Event sourcing and CQRS (Command Query Responsibility Segregation) are fundamental concepts behind Lagom’s support for services that store information.
If a service stores information, a core principle is that each service should own its data and it is only the service itself that should have direct access to the database. Other services must use the Service API to interact with the data. There must be no sharing of databases across different services since that would result in a too tight coupling between the services. This is like a Bounded Context in Domain-Driven Design terminology. Each service defines a Bounded Context.
When using event sourcing, we capture all changes as domain events, which are immutable facts of things that have happened. For example “the seat was reserved by Alice”. The events are stored and the current state can be derived from the events.
Here are some advantages of using event sourcing:
There is no need for advanced mapping between domain objects and database representation since we only append events to a log. The events themselves are an important part of the domain model.
The history of how we reached the current state is entirely in the stored events. Consistency between transactional data and audit data is assured, because these are actually the same data.
We can analyze the event stream and derive important business information from it – perhaps things that were not even thought about when the events were designed. We can add new views on our system’s activity without making the write-side more complicated.
We can get very good write performance, since we only append the events to the data store. There are no updates and no deletes.
Event-sourced systems are easy to test and debug. Commands and events can be simulated for test purposes. We can also use the event log for debugging. If an issue is detected in production, we can replay the event log in a controlled environment to understand how we reached the bad state.
Event Sourcing is used for an Aggregate Root. For example, a customer with a given customer identifier. The write-side is fully consistent within an aggregate. This makes it easy to reason about things like maintaining invariants and validating incoming commands.
The aggregate can reply to queries for a specific identifier but it cannot be used for serving queries that span more than one aggregate. Therefore you need to create another view of the data that is tailored to the queries that the service provides.
This separation of the write-side and the read-side of the persistent data is often referred to as the CQRS (Command Query Responsibility Segregation) pattern.
§Write-side vs. read-side
A benefit of this pattern is the separation of concerns between the write and the read-side. Then the entities can focus on the updating commands and the read-side can be optimized for various queries and reporting jobs. A single conceptual model that tries to encapsulate both read and write operations may do neither well.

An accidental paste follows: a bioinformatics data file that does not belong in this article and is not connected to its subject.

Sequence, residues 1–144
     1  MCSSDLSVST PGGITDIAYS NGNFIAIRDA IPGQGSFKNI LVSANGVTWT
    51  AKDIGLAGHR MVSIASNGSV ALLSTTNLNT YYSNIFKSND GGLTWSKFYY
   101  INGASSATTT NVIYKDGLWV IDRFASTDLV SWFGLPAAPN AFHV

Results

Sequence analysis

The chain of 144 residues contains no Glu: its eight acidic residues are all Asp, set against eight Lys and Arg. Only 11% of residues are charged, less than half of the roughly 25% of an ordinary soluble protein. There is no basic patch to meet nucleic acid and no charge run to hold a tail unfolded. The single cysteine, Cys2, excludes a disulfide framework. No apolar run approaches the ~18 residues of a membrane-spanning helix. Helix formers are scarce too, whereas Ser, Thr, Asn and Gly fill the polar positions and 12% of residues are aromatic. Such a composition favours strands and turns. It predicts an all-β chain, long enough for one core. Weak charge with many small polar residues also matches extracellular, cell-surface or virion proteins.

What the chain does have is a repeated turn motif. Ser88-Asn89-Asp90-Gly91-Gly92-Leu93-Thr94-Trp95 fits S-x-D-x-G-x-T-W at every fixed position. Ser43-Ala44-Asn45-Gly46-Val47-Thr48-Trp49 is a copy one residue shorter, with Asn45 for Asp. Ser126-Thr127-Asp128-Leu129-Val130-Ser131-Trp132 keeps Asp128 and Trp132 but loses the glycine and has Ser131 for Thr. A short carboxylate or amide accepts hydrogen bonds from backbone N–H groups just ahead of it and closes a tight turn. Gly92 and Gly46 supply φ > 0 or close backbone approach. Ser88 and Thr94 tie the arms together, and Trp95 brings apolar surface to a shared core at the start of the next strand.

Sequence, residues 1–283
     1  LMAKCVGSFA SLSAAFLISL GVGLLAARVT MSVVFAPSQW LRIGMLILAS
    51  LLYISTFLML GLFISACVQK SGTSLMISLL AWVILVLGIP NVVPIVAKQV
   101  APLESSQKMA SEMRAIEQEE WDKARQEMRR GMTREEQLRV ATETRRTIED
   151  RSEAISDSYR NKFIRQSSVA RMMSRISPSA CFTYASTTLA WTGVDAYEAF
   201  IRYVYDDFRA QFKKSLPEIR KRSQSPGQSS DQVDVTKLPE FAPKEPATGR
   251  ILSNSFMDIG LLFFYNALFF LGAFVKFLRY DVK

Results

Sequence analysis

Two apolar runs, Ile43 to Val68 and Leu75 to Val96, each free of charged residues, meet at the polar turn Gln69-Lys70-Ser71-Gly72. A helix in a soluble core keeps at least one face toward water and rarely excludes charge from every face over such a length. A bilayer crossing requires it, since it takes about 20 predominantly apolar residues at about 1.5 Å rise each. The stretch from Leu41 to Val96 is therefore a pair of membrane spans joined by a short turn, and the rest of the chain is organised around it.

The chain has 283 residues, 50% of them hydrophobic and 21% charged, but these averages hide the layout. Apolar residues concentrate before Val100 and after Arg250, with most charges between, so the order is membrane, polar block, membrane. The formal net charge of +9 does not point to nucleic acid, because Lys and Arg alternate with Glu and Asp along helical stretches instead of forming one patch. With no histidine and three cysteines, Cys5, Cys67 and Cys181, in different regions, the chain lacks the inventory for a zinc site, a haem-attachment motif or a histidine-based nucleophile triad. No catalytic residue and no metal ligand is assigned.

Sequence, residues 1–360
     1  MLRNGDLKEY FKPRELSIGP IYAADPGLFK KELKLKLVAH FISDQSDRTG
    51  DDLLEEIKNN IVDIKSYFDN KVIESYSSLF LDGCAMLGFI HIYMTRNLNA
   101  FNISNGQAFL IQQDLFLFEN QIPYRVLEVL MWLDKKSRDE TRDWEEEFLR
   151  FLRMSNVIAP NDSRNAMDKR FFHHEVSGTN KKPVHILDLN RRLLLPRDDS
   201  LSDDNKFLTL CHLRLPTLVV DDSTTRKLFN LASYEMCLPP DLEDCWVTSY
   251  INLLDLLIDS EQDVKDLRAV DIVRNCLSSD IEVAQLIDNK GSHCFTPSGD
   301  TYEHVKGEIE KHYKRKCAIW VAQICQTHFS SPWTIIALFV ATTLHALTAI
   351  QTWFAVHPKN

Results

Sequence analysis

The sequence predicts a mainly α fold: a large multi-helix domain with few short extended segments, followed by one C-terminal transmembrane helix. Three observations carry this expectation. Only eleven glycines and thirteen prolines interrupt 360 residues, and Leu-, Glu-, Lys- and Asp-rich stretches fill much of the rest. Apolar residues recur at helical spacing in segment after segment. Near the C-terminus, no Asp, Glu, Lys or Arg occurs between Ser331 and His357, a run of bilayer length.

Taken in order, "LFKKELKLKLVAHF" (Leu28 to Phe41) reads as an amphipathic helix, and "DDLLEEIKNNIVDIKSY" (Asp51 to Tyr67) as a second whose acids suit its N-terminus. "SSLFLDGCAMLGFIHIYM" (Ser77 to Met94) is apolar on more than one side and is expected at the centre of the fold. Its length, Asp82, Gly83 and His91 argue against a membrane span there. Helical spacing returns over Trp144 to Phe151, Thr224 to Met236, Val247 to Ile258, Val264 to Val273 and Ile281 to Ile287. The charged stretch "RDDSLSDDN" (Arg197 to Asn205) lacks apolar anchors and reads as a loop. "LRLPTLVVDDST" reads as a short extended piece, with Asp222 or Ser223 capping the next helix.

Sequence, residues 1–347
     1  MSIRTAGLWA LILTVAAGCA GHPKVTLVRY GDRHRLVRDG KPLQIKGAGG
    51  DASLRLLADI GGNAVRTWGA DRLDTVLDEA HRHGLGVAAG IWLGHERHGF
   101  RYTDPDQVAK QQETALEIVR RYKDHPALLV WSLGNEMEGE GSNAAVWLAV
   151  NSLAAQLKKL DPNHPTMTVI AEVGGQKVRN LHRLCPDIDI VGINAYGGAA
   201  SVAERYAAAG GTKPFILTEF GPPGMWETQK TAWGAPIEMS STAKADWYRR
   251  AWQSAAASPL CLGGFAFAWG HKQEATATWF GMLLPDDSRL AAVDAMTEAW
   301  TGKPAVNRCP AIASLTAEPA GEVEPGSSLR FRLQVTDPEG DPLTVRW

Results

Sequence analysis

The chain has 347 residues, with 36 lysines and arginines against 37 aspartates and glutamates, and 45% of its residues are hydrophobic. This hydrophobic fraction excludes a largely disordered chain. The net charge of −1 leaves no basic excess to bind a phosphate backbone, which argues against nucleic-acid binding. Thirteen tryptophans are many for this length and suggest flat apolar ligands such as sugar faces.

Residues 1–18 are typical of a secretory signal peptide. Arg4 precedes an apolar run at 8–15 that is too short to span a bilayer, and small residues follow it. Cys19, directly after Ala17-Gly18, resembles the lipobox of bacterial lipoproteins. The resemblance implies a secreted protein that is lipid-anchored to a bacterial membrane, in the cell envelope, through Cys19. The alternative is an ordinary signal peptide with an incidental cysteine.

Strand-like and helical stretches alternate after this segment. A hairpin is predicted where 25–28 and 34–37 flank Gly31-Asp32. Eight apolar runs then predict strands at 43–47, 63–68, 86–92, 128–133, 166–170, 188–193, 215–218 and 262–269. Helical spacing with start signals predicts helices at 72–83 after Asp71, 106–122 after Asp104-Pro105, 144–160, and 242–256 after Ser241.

It is important to realize that the write-side has completely different needs from the read-side, and separating those concerns makes it possible to offer the best experience for the write and read-sides independently.
For example, in a bidding system it is important to “take the write” and respond to the bidder that we have accepted the bid as soon as possible, which means that write-throughput is of highest importance for the write-side.
On the other hand the same application may have some complex statistics view or we may have analysts working with the data to figure out best bidding strategies and trends – this often requires some kind of expressive query capabilities and a different data model than the write-side.
This separation is also great for scalability, since the read-side can be scaled out to many nodes independently of the write-side, and its often on the read-side that you need massive scalability.
A consequence of separating the read-side is that it is eventually consistent, i.e. it may take a few seconds until an update to the write-side is visible on the read-side.
The CQRS Journey is a great resource for learning more about CQRS and Event Sourcing.
§What if I don’t want to use Event Sourcing and CQRS?
Then you should probably use something else than the Persistence module in Lagom. You can implement your Lagom services with whatever data store solution you like. Keep in mind that you should prefer asynchronous APIs to achieve best scalability. If you are using blocking APIs, such JDBC or JPA, you should carefully manage the blocking by using dedicated thread pools of fixed/limited size for the components that are calling those blocking APIs. Never cascade the blocking through several asynchronous calls, such as Service API calls.
The CassandraSession in the Lagom Persistence module provides an asynchronous API that you can use for Cassandra even though you have chosen to not use Event Sourcing and CQRS.